The two behind-the-scenes fights over America’s status as a tax haven


Two very important international tax battles are taking place in Washington, largely behind closed doors. The lack of attention is surprising since the outcome of these fights will have an enormous impact on the future of tax competition, fiscal sovereignty, and financial privacy.

The first fight revolves around the Protocol amending the Convention on Mutual Administrative Assistance in Tax Matters. By way of background, the Convention is a multilateral agreement from the Organization for Economic Cooperation and Development that commits states to engage in sharing of information about the cross-border investments of each other’s citizens. This is so governments can enforce national tax laws designed to impose counterproductive tax burdens of tax on dividends, interest, capital gains, and other forms of capital and business income.

The United States is a participant in the original Convention, which was limited to nations that belong to either the OECD or the Council of Europe. And the United States is a signatory to the Protocol to the Convention, which obliges nations to share even more information, including sensitive personal information such as birthplace (which is, to most countries, irrelevant for tax purposes) on an automatic basis, with any and all participating governments, including Russia, China, and many nations from the developing world.  But signing the Protocol is largely irrelevant if the United States Senate fails to give its advice and consent to ratification.

That has not happened, in part because Senators Rand Paul of Kentucky and Mike Lee of Utah have placed a “hold” on the treaty. This does not necessarily kill the Protocol, but it does mean that it cannot be brought before the Senate for a quick vote. To break the hold and approve the pact, the Senate would have to devote several days to the issue, and that is very unlikely since other legislation has higher priority, particularly since there is no organized lobbying campaign for the Protocol.

However, there is a wrinkle in this story. The two senators also have a hold on seven bilateral tax treaties. These agreements are generally benign, with a primary goal of protecting multinational corporations from double taxation, compared with the Protocol, which is designed to enable punitive taxation of individual capital income. And since bilateral tax treaties are supported by the business community, there is some pressure to overcome the hold on these tax treaties, which raises the possibility that other senators may decide to break the hold on the OECD Protocol at the same time.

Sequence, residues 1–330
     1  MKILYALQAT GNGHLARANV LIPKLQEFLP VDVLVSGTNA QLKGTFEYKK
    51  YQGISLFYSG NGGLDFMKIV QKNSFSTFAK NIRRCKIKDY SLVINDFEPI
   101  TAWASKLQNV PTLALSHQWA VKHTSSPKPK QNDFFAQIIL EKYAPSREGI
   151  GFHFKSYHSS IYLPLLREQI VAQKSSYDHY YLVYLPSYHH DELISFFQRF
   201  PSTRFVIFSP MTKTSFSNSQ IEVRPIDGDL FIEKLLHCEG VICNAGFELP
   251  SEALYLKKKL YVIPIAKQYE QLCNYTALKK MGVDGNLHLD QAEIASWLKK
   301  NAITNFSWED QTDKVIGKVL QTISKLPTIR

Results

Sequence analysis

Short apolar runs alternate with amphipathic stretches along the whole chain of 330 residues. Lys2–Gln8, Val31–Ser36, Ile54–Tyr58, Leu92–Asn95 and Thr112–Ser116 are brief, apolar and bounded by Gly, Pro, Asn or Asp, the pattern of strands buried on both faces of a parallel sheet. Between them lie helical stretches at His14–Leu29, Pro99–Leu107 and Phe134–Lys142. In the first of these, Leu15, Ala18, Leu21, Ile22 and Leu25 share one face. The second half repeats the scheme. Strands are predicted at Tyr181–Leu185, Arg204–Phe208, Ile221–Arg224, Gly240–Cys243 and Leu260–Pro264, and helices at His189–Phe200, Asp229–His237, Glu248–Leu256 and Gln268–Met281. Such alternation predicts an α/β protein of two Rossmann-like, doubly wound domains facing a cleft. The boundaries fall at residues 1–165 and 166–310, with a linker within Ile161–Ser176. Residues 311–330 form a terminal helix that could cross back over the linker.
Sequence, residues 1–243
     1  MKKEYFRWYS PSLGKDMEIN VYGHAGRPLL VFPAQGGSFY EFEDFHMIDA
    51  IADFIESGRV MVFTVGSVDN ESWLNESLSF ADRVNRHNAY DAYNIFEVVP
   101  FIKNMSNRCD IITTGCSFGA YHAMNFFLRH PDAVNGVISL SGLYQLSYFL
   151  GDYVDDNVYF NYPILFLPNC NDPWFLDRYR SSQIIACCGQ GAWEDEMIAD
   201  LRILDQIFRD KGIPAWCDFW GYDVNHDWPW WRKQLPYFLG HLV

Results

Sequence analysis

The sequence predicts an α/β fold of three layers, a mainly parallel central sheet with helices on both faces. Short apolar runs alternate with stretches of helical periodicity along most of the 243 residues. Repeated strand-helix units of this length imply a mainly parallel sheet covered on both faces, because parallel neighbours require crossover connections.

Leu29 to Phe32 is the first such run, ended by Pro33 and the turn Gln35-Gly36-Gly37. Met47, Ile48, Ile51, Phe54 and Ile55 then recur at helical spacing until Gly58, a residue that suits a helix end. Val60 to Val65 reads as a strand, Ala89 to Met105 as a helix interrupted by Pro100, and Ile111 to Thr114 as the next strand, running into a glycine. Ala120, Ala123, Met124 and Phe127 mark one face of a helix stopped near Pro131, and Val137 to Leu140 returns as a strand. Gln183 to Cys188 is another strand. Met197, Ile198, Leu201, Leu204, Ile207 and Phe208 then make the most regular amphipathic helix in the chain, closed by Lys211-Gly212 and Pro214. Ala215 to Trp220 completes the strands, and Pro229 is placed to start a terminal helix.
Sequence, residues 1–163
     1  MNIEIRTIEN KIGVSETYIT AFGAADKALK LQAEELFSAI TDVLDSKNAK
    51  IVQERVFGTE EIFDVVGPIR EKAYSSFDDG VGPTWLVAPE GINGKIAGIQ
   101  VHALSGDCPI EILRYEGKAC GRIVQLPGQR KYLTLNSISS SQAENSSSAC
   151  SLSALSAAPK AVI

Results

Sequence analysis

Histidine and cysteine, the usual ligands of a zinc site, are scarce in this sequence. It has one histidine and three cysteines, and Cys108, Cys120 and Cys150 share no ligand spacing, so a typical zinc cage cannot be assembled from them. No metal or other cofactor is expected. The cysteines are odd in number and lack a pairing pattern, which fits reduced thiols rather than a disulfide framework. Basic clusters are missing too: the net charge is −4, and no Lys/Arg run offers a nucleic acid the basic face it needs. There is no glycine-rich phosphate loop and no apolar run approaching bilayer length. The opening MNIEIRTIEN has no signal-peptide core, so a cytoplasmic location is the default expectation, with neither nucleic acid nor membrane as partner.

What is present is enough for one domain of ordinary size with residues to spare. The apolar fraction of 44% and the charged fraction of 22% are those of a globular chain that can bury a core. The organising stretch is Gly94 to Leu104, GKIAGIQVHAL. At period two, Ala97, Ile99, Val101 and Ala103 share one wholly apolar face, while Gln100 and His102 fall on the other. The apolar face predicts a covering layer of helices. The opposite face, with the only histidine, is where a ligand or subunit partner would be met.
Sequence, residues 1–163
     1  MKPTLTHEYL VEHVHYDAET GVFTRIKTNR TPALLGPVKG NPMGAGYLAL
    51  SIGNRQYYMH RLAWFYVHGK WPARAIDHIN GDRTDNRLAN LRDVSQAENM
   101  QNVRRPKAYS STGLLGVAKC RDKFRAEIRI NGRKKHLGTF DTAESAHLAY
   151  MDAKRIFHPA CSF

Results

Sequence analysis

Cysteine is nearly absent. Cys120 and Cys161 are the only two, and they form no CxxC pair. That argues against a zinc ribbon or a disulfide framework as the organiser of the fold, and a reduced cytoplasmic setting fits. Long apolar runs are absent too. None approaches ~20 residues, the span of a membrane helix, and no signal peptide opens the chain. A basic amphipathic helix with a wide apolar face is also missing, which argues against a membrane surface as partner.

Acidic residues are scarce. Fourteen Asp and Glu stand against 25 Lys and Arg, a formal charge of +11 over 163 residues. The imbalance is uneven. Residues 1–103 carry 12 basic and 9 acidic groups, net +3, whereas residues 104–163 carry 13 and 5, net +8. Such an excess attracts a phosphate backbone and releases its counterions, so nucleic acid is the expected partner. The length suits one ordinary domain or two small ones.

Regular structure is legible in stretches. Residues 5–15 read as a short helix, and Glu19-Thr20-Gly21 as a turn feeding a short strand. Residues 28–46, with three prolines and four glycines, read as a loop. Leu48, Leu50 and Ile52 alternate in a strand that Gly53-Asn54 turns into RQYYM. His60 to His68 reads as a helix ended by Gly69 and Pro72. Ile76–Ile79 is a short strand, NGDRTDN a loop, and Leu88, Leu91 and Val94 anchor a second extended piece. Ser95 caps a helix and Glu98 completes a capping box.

For what it is worth, Senators Paul and Lee have a legitimate gripe about the seven bilateral treaties. These pacts have provisions designed to facilitate heavy taxation of individual capital income by sharing information about cross-border investments. And since that information is supposed to be collected and shared without any due process legal protections, Paul and Lee would like them to be modified. At the risk of understatement, that is an uphill battle.

As of now, there is a stalemate. The two senators are confident about the merits of their position and have shown no willingness to capitulate. But the other side is increasing the pressure. Paul and Lee have been attacked by President Barack Obama, who says their concerns about privacy and due process are “quirky.” And some GOP senators are getting anxious to approve at least some of the bilateral tax treaties. At some point, this becomes an irresistible-force-vs-immovable-object battle.

Regardless of what happens to the OECD Protocol, there is another fight that is similarly important for the future of tax competition, fiscal sovereignty, and financial privacy. As of now, the United States is the world’s largest tax haven, despite the pressure on the United States to cooperate with other countries in eliminating tax competition regardless of the consequences for the American economy. There are two reasons for America’s status as a tax haven. First, many states have very attractive incorporation laws. Setting up companies is very simple and in many cases there is no need to share information that could be collected or shared with foreign tax authorities.

Second, the national government has very attractive tax laws for nonresident aliens, i.e., foreigners who do not reside in the United States. With a few exceptions, these people are untaxed on the interest and capital gains they earn on their American investments. And since there is generally no reporting to the IRS on these payments, there is no information to share with foreign governments. Only with the express assistance of the IRS can foreign governments step in to collect a residual tax on U.S. investments. It is not clear why enabling foreign countries to tax U.S.-based investment returns is beneficial to U.S. economic interests. In years past, all proposals introduced to gather more information on foreign investors for purposes of sharing with other countries have been soundly defeated in Congress.